A roj symbol is found on a lot of Kurdish stuff, including a lot of Kurdish flags. I wonder if by the phrase, “the yellow Roj is a symbol used by the terrorist gang on its flag,” the author is referring to the flag the KDP flies throughout Dohuk and Hewlêr governorates? Since I have heard Turks refer to all Kurds as “terrorists,” and have had these remarks directed to me personally, I wonder if this reference is to the Kurdistan flag? Someone needs to inform TDN and “the conservative establishment in Turkey” that MIT has been down to visit “terrorist” Serok Barzanî and “terrorist” Mam Celal. Both of these “terrorist” leaders have been to Turkey often.

Of course, these are the same people who welcome HAMAS in Ankara. Consistency is not their strong point. These are also the same people who generously allow 45 minutes of Kurdish-language TV broadcasting per day.

And the last time I checked, the big, bad PKK had a large star superimposed over the roj.

I wonder if there is some kind of lack of self-confidence at work here. After all, the sun gives off much more light and warmth than the crescent moon.

I do like the idea of the Roj Beer label sporting a picture of the magnificent walls of Amed.

In other commentary, Mehmet Ali Birand seems to be in amazement that Newroz festivities went off without the usual TSK-inflicted bloodshed. There are problems with some of Mehmet’s thinking, though. Kurds in Turkish-occupied Kurdistan have been politicized for some time and it has not been PKK that has been provocative in past Newroz celebrations, unless one considers that all Kurds are PKK. . . ah, yes, there goes that well-worn “terrorist” label again.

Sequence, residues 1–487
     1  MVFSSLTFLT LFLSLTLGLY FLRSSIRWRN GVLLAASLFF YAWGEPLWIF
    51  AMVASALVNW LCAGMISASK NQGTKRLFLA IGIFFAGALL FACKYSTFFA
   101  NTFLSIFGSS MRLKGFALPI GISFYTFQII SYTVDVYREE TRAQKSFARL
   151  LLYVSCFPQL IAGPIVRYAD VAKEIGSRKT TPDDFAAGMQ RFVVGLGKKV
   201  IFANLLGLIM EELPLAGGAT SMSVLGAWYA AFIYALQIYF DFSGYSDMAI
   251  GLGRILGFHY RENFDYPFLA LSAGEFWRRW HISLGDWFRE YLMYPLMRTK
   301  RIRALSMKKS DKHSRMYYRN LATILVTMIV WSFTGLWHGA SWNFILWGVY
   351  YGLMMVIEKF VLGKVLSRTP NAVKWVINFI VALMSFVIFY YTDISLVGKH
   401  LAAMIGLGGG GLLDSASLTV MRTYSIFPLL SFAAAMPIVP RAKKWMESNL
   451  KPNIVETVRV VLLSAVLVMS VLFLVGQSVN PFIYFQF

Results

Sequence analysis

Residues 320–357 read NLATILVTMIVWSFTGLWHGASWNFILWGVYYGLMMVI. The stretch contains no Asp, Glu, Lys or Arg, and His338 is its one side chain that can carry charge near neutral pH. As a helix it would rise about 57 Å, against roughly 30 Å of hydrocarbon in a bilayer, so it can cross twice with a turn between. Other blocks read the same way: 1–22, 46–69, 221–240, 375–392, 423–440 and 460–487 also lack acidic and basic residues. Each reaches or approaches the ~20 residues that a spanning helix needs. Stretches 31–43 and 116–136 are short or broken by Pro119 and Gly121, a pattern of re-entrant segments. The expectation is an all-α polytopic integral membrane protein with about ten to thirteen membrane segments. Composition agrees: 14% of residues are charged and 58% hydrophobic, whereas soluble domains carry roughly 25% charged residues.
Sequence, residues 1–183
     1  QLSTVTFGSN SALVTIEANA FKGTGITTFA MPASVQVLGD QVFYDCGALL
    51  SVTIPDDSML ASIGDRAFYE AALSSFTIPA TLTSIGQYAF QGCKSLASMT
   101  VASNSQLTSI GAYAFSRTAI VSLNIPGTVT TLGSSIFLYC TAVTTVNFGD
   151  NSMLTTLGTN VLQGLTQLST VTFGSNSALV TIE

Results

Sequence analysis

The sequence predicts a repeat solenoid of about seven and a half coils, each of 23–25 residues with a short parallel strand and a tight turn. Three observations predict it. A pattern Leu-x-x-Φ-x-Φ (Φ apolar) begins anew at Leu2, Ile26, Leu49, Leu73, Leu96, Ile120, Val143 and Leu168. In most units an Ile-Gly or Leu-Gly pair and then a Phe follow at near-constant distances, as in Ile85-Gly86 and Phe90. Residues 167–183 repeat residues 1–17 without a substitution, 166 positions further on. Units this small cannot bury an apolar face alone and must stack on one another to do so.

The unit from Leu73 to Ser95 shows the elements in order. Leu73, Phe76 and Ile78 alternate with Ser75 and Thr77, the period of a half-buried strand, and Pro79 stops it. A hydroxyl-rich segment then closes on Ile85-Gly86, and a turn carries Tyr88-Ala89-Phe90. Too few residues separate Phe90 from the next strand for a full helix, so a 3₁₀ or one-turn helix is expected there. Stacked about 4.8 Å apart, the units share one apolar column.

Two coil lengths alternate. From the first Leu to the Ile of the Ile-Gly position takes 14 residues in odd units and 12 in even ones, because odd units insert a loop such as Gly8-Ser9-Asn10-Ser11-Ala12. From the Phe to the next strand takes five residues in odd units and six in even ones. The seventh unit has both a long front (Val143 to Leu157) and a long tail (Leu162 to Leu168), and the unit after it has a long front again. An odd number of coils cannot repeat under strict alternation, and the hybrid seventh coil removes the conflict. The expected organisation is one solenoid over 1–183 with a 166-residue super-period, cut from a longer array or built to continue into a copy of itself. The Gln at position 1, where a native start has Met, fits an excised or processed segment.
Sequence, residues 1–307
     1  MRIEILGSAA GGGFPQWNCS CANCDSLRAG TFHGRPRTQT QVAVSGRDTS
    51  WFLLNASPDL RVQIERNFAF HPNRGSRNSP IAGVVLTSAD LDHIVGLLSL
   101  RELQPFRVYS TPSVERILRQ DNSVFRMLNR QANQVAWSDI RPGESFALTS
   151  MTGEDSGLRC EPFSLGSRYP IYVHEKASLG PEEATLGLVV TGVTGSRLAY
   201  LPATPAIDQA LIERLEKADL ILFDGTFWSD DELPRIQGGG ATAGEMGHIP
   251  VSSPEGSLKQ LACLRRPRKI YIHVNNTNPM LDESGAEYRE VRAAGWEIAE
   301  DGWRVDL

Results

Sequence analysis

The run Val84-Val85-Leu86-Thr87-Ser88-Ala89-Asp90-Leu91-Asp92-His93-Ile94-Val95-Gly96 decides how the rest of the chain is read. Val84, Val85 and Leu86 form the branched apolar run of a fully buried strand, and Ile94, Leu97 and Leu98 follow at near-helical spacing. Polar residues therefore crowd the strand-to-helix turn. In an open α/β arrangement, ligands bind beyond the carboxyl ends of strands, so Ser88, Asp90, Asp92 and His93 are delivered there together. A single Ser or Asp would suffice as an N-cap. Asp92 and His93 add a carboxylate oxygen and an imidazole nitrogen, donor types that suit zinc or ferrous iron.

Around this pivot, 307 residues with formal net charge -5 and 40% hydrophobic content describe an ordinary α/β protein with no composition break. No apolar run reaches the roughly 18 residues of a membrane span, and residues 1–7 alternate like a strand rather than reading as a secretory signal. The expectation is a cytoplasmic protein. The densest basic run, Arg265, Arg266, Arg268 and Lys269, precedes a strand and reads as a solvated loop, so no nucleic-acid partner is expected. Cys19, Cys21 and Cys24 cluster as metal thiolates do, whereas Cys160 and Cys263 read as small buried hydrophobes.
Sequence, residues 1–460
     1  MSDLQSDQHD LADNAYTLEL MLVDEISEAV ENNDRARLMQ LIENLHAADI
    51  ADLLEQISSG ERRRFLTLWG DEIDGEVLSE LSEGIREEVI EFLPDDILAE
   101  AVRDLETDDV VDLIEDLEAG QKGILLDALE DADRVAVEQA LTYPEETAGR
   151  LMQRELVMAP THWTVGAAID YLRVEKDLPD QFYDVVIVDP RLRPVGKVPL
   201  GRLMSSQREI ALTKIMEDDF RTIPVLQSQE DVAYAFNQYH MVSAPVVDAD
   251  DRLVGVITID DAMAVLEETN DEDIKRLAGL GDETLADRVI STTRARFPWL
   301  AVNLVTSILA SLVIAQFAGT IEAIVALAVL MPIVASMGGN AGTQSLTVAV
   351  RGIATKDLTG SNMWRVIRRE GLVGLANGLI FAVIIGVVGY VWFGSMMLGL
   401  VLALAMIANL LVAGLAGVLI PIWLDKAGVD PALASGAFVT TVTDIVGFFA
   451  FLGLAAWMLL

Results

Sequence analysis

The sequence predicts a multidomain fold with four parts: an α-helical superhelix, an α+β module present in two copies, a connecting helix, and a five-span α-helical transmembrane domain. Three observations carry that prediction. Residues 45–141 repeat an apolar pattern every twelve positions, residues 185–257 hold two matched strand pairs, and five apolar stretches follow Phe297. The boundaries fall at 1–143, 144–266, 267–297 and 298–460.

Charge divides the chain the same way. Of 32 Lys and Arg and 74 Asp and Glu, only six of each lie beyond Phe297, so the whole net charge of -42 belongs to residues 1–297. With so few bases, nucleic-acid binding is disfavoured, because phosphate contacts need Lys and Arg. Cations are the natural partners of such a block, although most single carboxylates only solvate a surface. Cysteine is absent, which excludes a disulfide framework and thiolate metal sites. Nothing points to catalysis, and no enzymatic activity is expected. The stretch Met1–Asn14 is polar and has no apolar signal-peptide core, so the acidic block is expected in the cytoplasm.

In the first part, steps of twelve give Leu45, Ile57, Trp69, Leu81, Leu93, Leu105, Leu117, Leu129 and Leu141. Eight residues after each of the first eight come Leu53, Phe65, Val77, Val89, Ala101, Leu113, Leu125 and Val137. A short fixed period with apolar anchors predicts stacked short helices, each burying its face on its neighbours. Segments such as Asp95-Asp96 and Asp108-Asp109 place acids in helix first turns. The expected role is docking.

Mehmet puts his finger on something significant, which is one of the reasons why I am always interested in reading what he has to say:

I believe the PKK and DTP leaders that pilot the Kurdish problem have shown their intention of using civil disobedience rather than terrorism in their future actions.

Oh, wrap your brain around that one! What did civil disobedience do for the civil rights movement in the US? This is the heart of the brazeness, the audacity, of this year’s Newroz celebrations. This is, in fact, a coup.

Why? Check out what Mehmet says next:

If the PKK chooses to use civil disobedience rather than terrorist actions, what will the Turkish state do? How will it respond? Will it be able to change its attitude?

These are hard questions that are dominating Ankara’s mind.

Anti-terrorist actions, despite being dangerous and causing serious casualties, are actually easier to execute. The side with the greater firepower and manpower wins. Efforts made against an organization that commits terrorist acts are boosted by domestic and international support.